Man/machine

YEAR IN MUSIC 2011: Synthpop rises again

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Kavinsky added eerie sensuality to the Drive soundtrack.

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Year in Music "Here in my car / I feel safest of all / I can lock all my doors / It's the only way to live in cars." — Gary Numan, "Cars"

Are friends electric? In 2011, synthpop sounded like a safe vehicle with which to whirl forward, one wheel in the quickly receding past and the other in the fast-coming future.

As the light turned green on '11 and roared on through 11/11/11, those binary 1's pointed to the synthetic pleasures harking back to Human League, Yazoo, and Depeche Mode. Early in the year, La Roux's Elly Jackson took home a Grammy for her eponymous debut — signifying the U.S. music mainstream's approval.

You could detect the synths popping beneath the beckoning, bright textures of Vetiver's "Can't You Tell," the Paisley Park-meets-"Enola Gay" washes of Nite Jewel's "One Second of Love," and the Doppler effect textures of Toro y Moi's "Talamak," while the much lamented departure of James Murphy's LCD Soundsystem from the intersection of synth beats and rock squall threw up yet another sign that synthpop was on the move. Tellingly, Holy Ghost!, on Murphy's DFA imprint, cast its eyes back longingly to the chilly dreamtime of the Ministry's "I Wanted to Tell Her," lodging it in a busy thicket of bumping, rumbling bass and keys.

Don't fear the '80s: Yesteryear synth populists the Cars released its first LP with Ric Ocasek since its '88 split, and the year closed with Gary Numan getting the avant seal of approval as an honored guest at the recent Battles-curated ATP show. Adding fuel to the firing pistons, locally, was a look back at the real Bay underground article: this year's comp BART: Bay Area Retrograde (Dark Entries) wiped the "Clean Me" messages written in dust from tracks like Voice Farm's "Voyager." The latter almost seemed to lend its synth tone directly to the sinewy, eerily sensual "Nightcall" by Kavinsky and Lovefoxxx off the Drive soundtrack (Lakeshore).

Much like that violently dreamy film's Danish-American hybrid, "Nightcall" and College's "A Real Hero" teetered between the almost OTT strain of romanticism and superchilled detachment embodied by the best of synthpop— the simple hooks and breathy, girlish vocals perfectly complementing the propulsive, forward-thrust mechanism of the tracks. You can't drive those songs from your head.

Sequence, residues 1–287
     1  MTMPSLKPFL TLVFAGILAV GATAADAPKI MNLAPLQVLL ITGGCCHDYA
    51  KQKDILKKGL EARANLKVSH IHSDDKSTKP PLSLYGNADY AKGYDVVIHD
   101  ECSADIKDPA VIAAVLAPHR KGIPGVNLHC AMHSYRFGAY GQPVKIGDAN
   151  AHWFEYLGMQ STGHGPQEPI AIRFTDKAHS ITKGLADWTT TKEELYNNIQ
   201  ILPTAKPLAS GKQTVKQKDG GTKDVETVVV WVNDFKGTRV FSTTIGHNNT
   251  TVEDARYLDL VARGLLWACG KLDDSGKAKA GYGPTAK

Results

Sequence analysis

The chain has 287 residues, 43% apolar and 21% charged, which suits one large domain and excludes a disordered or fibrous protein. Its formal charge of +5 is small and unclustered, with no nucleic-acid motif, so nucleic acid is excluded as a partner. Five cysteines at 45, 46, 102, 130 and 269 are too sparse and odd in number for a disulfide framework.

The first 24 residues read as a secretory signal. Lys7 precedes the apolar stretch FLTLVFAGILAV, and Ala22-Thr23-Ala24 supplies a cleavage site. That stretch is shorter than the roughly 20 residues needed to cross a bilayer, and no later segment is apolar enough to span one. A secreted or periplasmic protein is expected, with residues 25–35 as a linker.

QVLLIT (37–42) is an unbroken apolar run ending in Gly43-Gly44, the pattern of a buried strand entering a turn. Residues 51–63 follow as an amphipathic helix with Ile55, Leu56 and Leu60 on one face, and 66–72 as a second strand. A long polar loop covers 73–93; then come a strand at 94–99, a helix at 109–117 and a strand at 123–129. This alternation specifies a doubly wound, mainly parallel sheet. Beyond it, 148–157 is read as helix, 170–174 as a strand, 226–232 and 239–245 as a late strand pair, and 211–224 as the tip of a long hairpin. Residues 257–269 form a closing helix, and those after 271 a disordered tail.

In one of the strongest contenders for (double) album of the year, M83's Hurry Up, We're Dreaming (Mute), synthpop was only one component of the deep, ambitious, magnificent sprawl, a recording much like French transplant Anthony Gonzalez's adopted L.A. home. Its breakout single, "Midnight City," tapped both the brooding nihilism of Grand Theft Auto and the noirish retro-epics of Michael Mann in collaboration with Giorgio Moroder, as leader Anthony Gonzalez emotes wistfully, "Waiting in a car /Waiting for a ride in the dark / Drinking in the lounge / Following the neon signs / Waiting for a roar / Looking at the mutating skyline / The city is my church / It wraps me in the sparking twilight."

Cue the orchestral, rollercoaster synths, faux bird calls, and reclaimed-from-the-cheese-bin skywalking sax. It may say as little as Numan's "Cars"—making it the perfect tabula-rasa fodder for both Victoria's Secret commercials and capitalism-happy How to Make It in America —but like a European native finding inspiration in the simultaneously alienating and freeing highways of El-Lay or J.G. Ballard, both songs prove that you needn't rely on language to move a listener.

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